Written by: Cameron Weeks | Farm Business Consultant | 0427 006 944
It’s that time of year again where for many the nerves are on edge hoping to get crop and pasture effectively emerged and the season officially started. As I write, the north is mostly pretty dry but there has been recent rain (for some a lot of rain) elsewhere, although either way seeding is underway throughout the state.
Given the mixed seeding circumstances due to variation in rainfall received plus an unknown outlook it is wise to remind everyone, now that they are in the thick of the action, to think about seeding plans A & B and in essence what you might do differently with regards your crop program in the case of a wet and early break versus the opposite. This is focused entirely on risk and reward with the high cost of inputs front of mind.
Monthly rainfall in WA for April 2023.
On the outlook front there has been some good news since most budgets were prepared with the price of fertilizer (especially N) easing, the cost of other key inputs also moving in the right direction and the reserve bank putting a pause (if not a stop) to interest rate increases.
On the downside grain prices have eased somewhat although when compared historically they remain very strong. Sheep markets are in some turmoil with the live export trade again the focus of Government and processors continuing to operate at reduced capacity both impacting prices. This has resulted in downward pressure on prices with some classes of sheep particularly affected.
Of course, it’s how all the above interact (season x price less cost) that matters making the rainfall chart included the most important bit of information. Certainly on a statewide basis the season is off to a good to excellent start in most places and we know that a good start is half the battle so that is very positive news.
I thought it opportune to update you on a few things happening at Planfarm. Firstly, new consultant Martin Anderson (Albany) has successfully completed his first annual review season and is now actively and successfully recruiting clients predominantly in the Great Southern. There has been a high degree of interest in Martin’s services which is no surprise given his 20 odd years of experience in banking operating through the region. If you are interested in what he could offer your business or know someone who might be, contact the Albany Office.
Secondly, Dan Tooohey our first consultant based outside of WA in Ballarat Victoria, has similarly completed his first annual review season for Planfarm Advisory, and is building on his great start last year by continuing to recruit clients mostly in Victoria. Again, If you are interested in what he could offer your business or know someone who might be, contact Planfarm Advisory directly (www.planfarmadvisory.com.au).
Thirdly, led by Danielle Gale and very ably supported by Jefferson Allan, Planfarm is nearing the end of 9 months work on the DPIRD Carbon Farming Voucher Program. This has been a very substantial undertaking by the team which has seen us work with 21 farm businesses to develop either soil land management strategies (LMS) or reforestation. As this is a new working area for us and the clients, certainly a great deal has been learned and from our perspective, we are now very well placed to firstly advise clients on carbon farming but also deliver carbon farming LMS’s through our commercial entity Terrawise.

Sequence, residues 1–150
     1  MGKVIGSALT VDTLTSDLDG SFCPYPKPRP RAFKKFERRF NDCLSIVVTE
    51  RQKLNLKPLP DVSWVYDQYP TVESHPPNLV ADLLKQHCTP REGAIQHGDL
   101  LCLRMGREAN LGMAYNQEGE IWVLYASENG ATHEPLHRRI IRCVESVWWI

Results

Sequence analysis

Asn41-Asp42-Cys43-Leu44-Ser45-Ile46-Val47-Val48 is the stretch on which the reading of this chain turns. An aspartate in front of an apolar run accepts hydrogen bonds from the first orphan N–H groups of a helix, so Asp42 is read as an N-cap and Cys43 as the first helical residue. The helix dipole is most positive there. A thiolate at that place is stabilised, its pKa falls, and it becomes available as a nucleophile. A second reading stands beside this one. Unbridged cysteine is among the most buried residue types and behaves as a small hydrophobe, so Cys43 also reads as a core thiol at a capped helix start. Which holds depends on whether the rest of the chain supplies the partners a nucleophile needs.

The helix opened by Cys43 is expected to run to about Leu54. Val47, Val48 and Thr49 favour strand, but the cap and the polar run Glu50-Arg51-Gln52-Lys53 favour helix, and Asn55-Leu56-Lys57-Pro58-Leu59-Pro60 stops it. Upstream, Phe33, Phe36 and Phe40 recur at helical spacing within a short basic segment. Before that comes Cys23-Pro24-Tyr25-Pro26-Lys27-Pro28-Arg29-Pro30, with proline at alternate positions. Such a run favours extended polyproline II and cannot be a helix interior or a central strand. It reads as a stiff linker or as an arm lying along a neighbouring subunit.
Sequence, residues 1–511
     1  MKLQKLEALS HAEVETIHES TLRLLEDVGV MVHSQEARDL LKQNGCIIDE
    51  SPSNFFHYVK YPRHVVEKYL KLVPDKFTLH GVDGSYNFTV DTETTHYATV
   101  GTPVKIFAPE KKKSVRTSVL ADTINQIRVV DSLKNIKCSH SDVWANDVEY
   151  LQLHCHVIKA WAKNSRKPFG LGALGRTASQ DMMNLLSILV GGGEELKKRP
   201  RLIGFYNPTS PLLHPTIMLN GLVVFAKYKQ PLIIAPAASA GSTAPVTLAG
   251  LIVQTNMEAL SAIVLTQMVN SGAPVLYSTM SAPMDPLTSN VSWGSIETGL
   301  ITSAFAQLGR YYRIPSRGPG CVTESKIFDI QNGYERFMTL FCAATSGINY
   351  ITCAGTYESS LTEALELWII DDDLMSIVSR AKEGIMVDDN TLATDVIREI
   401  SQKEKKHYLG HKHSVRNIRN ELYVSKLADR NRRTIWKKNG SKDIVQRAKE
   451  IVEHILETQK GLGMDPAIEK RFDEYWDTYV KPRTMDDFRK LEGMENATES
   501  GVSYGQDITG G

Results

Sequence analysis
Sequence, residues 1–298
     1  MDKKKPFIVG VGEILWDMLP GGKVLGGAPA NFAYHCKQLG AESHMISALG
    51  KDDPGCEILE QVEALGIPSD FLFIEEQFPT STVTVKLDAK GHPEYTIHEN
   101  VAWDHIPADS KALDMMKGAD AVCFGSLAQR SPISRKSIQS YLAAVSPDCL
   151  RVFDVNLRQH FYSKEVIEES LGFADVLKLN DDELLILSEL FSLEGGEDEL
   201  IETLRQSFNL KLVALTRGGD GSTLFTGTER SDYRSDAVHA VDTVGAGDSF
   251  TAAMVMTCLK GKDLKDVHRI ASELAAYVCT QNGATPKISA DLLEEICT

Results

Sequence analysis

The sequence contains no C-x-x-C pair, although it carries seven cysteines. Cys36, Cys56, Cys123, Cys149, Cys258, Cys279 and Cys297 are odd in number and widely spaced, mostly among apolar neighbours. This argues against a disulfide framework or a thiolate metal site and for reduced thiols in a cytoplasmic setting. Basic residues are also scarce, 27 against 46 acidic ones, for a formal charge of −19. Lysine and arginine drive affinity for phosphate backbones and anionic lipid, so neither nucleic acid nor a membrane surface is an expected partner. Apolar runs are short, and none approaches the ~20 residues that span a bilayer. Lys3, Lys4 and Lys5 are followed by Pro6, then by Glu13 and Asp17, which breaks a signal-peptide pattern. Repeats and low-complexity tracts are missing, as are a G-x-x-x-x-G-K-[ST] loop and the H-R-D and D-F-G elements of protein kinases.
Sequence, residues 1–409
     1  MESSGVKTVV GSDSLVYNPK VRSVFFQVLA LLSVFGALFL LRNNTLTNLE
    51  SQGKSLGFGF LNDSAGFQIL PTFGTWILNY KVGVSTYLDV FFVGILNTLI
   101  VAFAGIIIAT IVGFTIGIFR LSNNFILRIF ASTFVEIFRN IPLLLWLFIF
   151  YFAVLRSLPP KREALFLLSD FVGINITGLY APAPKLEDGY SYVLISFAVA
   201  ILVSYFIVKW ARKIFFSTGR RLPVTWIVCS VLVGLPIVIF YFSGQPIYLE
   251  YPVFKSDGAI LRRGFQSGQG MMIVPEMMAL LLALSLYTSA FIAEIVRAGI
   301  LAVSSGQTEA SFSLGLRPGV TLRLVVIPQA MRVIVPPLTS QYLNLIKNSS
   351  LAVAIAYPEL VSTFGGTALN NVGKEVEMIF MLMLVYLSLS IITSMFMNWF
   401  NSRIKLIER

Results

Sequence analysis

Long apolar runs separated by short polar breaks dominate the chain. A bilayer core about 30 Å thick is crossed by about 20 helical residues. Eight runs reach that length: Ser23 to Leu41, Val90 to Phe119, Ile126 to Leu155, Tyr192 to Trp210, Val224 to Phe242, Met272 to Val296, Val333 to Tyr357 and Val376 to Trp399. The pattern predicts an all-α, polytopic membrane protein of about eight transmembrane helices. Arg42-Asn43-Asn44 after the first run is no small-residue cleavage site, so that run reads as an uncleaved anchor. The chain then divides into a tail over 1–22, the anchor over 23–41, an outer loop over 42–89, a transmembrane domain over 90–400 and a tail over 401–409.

Fourthly, and again on the carbon front, as part of our 22/23 annual review process we have collated extra data that will allow us to calculate the carbon account for client’s businesses. The first output will be received by consulting clients later in the year when we produce our first carbon benchmarking output. This will see us report on scope 1, 2 & an estimate of scope 3 emissions and will be both at a whole of business level plus at an intensity level (i.e. per unit of production). The aim is for us and clients to start considering emissions as part of business management with this being the first step in understanding.
Finally, and sadly, fellow shareholder and one of the highest regarded Agronomists in the state Richard Quinlan has hung up the agronomy boots after 33 years in the profession including 20 with Planfarm. Richard remains working in agriculture but in the emerging carbon space (a bit of a theme going here isn’t there?) as Head of Field Trials and Market Development for Rumin8 (‘using technology to reproduce nature’s solutions to make affordable feed supplements that reduce methane emissions from livestock’). We wish Richard well in his endeavors and thank him from the bottom of our hearts for his input into Planfarm and his client’s businesses over a long period of time.
It was brought to my attention recently by a Planfarm client that some of my Landline articles do not necessarily hit the mark for everyone and that on occasion some might even take offence to what I write. For this I apologise – offence is certainly not my intent.
I do though point out that;
a) I have at times challenged conventional logic and I do this intentionally and unashamedly,
b) I do frequently use a title that will capture the readers attention and
c) Landline has a statewide and now growing national audience and as such generalizations will not apply to all.
My commitment to you is to keep challenging you as and when I feel it is appropriate but to be very mindful of doing this in a way that is sensitive to a wide range of situations and circumstances. Feedback both positive and negative to all that is written in Landline is always welcome and wanted.